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7 Of The Most Eyebrow-Raising Campaign Ads From Across The Country

Sometimes political ads go down in history because they strike a nerve in voters, like Lyndon Johnson's 1964 "Daisy" and Ronald Reagan's 1984 "Morning In America."

Others are memorable simply because they feel different. Sometimes they're just plain weird. This year, during one of the most unusual election cycles ever, some candidates across the country are leaning into that nontraditional landscape — especially when it comes to their campaign advertisements.

Here's a roundup of some of the most memorable 2016 campaign ads out there — presidential candidates excluded.

1. 'Background Checks'

Jason Kander, Missouri's Democratic secretary of state, is running for U.S. senator in Missouri against Republican incumbent Roy Blunt. Kander, a former Army captain who served in Afghanistan, put out this advertisement in mid-September and his poll numbers rose dramatically, according to The New York Times, making Missouri's Senate race a tight one.

The ad depicts Kander discussing gun rights while assembling a rifle blindfolded.

"In the Army, I learned how to use and respect my rifle," Kander says in the ad. "In the state Legislature, I supported Second Amendment rights. I also believe in background checks so that terrorists can't get their hands on one of these."

2. 'Please Re-Elect Gerald'

Republican Gerald Daugherty is running for re-election as county commissioner in Travis County, Texas. The county is home to Austin, and as Texas Monthly reports, running as a Republican there isn't easy — especially this year, when the presidential race in Texas is closer than it has been in years.

Daugherty is probably hoping his choice for a campaign ad will help him stand out, and the ad itself certainly does. In it, Daugherty just can't seem to stop talking shop — jail capacity, the light rail, tax rates — and his wife has had enough. At the end, she looks right at the camera and says "Please re-elect Gerald ... please."

3. 'Relentless'

Darryl Glenn, a Republican and retired Air Force lieutenant colonel, is running for U.S. senator from Colorado against Democratic incumbent Michael Bennet. Glenn's campaign ad looks more like a commercial for CrossFit than a traditional candidate pitch: He is jumping rope, swinging kettlebells and lifting weights, doing pull-ups and running hills as he frames Bennet as a Washington insider.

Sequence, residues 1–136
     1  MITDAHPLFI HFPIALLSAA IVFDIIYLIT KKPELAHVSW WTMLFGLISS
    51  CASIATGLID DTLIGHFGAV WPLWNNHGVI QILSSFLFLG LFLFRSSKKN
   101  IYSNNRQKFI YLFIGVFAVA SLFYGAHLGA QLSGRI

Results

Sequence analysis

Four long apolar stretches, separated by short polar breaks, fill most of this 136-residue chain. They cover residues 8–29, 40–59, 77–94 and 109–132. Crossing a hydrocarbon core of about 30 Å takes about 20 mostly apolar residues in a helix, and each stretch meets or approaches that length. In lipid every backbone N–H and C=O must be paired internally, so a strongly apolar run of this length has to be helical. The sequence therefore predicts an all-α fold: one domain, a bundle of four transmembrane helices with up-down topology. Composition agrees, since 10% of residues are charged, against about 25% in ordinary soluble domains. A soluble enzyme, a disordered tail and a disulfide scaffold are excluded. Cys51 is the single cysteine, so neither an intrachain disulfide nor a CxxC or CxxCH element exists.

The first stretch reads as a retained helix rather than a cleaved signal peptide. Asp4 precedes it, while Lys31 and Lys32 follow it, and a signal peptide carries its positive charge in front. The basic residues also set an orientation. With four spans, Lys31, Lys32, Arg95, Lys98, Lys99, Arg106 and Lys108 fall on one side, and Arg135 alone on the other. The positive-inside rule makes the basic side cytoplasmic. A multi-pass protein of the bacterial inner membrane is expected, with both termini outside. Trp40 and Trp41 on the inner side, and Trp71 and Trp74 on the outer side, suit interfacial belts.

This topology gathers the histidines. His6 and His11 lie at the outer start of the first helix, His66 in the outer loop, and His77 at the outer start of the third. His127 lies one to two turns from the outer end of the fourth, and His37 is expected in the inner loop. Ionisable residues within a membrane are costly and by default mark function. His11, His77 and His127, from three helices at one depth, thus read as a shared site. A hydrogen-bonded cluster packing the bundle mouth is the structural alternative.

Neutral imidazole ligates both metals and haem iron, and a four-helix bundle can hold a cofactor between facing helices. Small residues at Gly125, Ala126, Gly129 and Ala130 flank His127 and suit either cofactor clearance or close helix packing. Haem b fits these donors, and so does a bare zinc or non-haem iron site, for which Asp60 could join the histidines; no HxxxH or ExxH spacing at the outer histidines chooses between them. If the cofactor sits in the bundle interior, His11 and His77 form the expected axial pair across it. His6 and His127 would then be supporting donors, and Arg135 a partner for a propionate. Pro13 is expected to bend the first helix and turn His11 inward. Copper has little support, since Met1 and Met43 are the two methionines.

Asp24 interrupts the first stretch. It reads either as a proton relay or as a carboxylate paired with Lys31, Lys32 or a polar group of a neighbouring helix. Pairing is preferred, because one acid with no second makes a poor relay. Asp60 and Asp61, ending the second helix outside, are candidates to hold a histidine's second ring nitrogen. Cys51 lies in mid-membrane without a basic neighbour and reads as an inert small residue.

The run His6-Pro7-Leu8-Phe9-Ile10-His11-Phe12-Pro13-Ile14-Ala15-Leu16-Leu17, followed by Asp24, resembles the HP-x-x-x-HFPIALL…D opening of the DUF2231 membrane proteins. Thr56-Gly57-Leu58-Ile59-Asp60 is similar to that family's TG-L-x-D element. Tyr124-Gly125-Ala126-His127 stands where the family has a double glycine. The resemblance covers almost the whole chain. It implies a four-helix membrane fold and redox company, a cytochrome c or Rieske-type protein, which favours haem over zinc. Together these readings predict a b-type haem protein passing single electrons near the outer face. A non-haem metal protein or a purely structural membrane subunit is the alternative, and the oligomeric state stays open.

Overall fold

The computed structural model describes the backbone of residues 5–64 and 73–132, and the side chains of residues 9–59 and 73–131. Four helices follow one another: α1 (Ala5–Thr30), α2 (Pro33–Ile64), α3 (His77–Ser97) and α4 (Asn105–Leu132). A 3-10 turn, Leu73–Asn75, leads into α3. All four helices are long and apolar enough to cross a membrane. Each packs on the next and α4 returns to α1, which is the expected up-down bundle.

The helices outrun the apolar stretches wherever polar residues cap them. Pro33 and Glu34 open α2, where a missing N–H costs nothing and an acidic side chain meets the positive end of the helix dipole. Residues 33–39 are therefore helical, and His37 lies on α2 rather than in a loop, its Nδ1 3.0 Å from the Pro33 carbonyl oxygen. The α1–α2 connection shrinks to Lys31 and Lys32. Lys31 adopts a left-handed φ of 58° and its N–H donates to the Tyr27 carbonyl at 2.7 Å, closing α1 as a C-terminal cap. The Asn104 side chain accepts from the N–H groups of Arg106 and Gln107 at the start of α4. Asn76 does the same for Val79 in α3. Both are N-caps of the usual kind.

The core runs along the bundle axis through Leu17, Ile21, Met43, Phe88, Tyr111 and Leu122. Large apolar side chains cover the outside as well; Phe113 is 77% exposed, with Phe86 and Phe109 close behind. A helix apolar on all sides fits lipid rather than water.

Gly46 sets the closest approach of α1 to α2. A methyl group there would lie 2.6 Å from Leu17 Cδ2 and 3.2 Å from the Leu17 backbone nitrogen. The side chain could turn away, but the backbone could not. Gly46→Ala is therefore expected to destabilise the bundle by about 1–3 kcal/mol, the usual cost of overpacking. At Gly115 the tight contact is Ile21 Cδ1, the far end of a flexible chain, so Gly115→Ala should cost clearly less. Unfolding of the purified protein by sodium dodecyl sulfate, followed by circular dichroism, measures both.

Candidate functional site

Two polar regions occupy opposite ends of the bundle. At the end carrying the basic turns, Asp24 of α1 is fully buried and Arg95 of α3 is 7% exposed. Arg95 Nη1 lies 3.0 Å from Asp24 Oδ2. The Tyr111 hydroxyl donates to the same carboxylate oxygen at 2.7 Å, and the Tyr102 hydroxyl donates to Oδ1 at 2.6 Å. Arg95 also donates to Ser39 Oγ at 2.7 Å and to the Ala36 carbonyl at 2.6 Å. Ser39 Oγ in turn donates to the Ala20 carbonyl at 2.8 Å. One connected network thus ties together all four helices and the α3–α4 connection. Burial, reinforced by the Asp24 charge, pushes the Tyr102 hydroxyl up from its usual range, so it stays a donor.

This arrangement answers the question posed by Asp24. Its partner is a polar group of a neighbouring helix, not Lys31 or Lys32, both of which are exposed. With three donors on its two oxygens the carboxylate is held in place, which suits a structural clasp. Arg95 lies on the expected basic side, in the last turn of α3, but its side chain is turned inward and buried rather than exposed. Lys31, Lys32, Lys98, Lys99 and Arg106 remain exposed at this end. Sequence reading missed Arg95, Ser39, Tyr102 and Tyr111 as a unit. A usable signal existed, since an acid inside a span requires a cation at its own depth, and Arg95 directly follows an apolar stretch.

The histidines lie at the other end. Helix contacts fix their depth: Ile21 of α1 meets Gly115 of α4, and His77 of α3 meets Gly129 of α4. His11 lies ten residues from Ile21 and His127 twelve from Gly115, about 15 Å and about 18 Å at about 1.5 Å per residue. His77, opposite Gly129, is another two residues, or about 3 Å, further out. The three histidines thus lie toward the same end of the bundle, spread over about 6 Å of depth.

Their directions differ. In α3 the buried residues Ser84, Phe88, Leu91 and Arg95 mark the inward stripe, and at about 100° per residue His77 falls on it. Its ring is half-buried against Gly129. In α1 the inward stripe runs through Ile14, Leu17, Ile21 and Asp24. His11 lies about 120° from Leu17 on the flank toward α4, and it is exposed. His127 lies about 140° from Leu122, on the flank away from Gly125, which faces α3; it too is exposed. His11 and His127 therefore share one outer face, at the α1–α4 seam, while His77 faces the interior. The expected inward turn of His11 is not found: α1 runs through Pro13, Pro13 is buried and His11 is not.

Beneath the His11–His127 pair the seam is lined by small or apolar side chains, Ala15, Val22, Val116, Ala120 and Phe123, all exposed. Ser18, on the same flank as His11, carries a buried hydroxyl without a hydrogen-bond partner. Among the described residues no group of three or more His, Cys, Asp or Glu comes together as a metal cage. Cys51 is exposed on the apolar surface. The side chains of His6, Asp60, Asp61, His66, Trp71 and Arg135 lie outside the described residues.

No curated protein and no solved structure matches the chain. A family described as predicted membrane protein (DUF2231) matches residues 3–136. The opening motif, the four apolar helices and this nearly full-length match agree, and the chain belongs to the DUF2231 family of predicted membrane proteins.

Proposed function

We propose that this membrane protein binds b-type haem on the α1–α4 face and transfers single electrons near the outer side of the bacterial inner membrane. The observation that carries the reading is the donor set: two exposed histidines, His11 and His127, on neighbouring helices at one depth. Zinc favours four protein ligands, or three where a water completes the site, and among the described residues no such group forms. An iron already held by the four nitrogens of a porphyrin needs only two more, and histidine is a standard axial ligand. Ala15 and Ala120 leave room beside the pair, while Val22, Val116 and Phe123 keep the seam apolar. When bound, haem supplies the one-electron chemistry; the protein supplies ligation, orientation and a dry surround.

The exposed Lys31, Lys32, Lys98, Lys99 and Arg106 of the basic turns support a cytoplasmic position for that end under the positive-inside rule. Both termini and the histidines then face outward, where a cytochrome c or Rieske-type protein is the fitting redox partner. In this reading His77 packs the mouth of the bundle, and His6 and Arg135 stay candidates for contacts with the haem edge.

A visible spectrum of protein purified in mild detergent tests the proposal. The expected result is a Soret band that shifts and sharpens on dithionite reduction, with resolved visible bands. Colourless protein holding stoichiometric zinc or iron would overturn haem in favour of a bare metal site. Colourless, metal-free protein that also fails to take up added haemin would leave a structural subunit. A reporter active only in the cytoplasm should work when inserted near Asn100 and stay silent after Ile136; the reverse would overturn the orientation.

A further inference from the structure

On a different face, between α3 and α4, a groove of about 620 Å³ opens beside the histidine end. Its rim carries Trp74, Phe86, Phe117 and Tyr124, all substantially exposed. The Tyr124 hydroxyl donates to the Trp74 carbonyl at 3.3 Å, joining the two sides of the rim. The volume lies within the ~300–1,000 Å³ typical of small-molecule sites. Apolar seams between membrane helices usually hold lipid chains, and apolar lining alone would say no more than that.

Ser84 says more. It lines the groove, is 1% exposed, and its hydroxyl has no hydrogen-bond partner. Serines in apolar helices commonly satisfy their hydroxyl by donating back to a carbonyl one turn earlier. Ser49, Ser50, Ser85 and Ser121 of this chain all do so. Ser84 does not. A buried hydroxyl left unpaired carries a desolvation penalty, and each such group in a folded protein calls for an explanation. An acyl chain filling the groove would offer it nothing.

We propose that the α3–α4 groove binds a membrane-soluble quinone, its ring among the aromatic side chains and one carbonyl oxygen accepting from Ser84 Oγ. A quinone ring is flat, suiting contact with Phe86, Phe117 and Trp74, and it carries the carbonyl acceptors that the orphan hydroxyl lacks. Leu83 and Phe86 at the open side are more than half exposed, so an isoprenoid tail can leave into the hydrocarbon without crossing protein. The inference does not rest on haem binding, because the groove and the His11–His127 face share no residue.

"I never stop. I can be relentless," Glenn says in the ad. "I love being the underdog." And underdog he is. Recent polls show Bennet ahead by as much as 18 points.

4. 'Taking Aim' And 'Big Guns'

Eric Greitens, a veteran from Iraq and Afghanistan and a Navy SEAL, is the Republican candidate for governor in Missouri. He is running against Missouri Attorney General Chris Koster, a Democrat. Recent polls show Koster leading by 5 points.

Greitens entered the campaign ad world with a bang — literally. In his first ad, "Taking Aim," paid for by Greitens For Missouri, Greitens holds an assault-style rifle and touts his status as a political outsider.

"I'll take dead aim at politics as usual," Greitens says in the ad, before shooting into a field and causing a large fireball to explode into the air. "If you're ready for a conservative outsider, I'm ready to fire away," he says at the end.

His second ad, "Big Guns," has pretty much the same theme. It begins by saying Greitens is under attack from the Democrats, who are trying to "steal another Missouri election."

The ad goes on to call Greitens a "conservative warrior" who fights back with the "big guns." In the ad, those guns are literal: The rest of the ad depicts Greitens shooting some kind of giant machine gun as a voice over and titles on-screen detail his credentials. At the end, Greitens tells the camera, "Let's take back Missouri."

5. 'Ready To Take The Hits!'